Smoothies can be a great addition to a balanced diet, but only if they’re done right. One of the most common complaints we get about smoothies is that they aren’t satisfying, and leave you hungry 30 minutes later. But with a few tweaks, you can build a balanced smoothie that keeps you feeling satisfied and fuller for longer – perfect as a delicious meal in your busy schedule or as a nourishing snack. Here are our tips about how to make a healthy smoothie that is substantial and satisfying.
Written by Mia Achhorner, student Dietitian & Amanda Smith, Accredited Practising Dietitian
Tip #1: Protein
Including a source of protein in your smoothie will help you feel fuller for longer. Protein slows the absorption of carbohydrate, meaning that it buffers and stabilises your blood sugar levels. This helps to avoid a spike, followed by a drop, in blood sugars which can leave you feeling sluggish. Some of our favourite ways to add protein into a smoothie are through Greek yoghurt, soy yoghurt, cow’s milk or fortified soy milk, silken tofu or a protein powder.
Tip #2: Carbohydrates
Carbohydrates act as our body’s primary fuel source, helping us to perform at our best both mentally and physically. Many foods rich in carbohydrates are also great for our gut health. Some delicious carb sources to include in your smoothie are rolled oats, Weetbix, bran or use your fruit as a carb source (such as banana).
Tip #3: Healthy Fat
Healthy fats have a variety of benefits, including improved brain function, stabilised blood glucose levels and reduced inflammation. Like protein, fats also keep you satiated, as they take longer to digest. Some great options to incorporate in smoothies are avocado, seeds, a handful of nuts (or nut butter) or LSA.
Tip #4: Colour and fibre
Add some colour! This helps you reach your daily dose of micronutrients and also bumps up your fibre intake. Both of these are vital to support your gut health and keep you fuller for longer. Similar to protein, fibre is also a great way to buffer the sugar rush you’d usually get from drinking juices and other sweet beverages by slowing down digestion.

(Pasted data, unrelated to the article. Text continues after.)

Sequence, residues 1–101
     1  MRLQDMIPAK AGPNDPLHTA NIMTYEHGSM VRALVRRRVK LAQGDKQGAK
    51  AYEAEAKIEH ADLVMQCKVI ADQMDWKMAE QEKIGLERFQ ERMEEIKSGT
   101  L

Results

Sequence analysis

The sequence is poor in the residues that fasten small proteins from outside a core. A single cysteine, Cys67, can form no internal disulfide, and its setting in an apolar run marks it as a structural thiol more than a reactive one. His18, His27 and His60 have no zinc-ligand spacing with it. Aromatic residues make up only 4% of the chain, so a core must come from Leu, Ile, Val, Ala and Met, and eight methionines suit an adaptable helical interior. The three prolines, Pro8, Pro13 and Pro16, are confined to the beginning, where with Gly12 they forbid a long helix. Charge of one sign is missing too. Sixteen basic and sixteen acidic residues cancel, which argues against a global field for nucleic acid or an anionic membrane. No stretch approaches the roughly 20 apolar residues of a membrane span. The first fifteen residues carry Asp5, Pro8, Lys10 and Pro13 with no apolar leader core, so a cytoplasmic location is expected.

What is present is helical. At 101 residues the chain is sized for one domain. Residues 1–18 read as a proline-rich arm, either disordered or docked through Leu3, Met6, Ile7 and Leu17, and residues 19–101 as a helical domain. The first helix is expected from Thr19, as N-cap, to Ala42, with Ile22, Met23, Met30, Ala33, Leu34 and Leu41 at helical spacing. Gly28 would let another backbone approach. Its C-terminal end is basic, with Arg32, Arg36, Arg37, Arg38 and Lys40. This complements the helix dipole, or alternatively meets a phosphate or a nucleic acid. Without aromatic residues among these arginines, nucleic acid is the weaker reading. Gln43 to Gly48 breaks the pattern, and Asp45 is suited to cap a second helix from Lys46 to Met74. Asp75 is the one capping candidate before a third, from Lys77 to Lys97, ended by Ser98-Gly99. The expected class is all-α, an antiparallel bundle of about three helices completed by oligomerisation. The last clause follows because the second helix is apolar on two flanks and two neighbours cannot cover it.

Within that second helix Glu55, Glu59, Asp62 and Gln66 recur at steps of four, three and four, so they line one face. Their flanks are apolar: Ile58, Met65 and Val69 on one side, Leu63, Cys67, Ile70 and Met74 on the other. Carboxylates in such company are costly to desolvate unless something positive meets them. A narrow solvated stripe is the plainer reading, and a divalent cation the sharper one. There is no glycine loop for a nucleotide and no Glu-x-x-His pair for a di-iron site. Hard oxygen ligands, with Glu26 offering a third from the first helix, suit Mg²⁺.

Some of our faves are berries (for the antioxidants, pretty colour and taste, of course), cucumber, fruit (fresh or frozen), ginger, turmeric, cauliflower, purple cabbage, zucchini, spinach or kale (bonus tip: freezing things makes their taste milder so if you’re finding that your smoothies are tasting very “green”, it might be worth adding ingredients frozen).
Portions to aim for
This will vary depending on your requirements and activity levels, but a rule of thumb for a substantial smoothie, you will need:
- 1 cup milk of choice (opt for soy or cow’s milk to boost protein)
- 1 serve of fruit (1 cup or 150 g)
- 1 serve of veg (½ cup cooked, 1 cup raw or 75 g)
- 1 serve healthy fat (¼ avocado, 1 tbsp nuts/nut butter/LSA)
- 1 serve of carbs (this could either be your fruit source or ¼-½ cup rolled oats or 1-2 Weetbix)
- At least 20 g protein (this would look like 1 cup cow/soy milk + 100-150 g high protein yoghurt or 1 serve protein powder)
Read more: Struggling to find a good milk alternative? We break down popular milk alternatives in Australia to explore which are the best.
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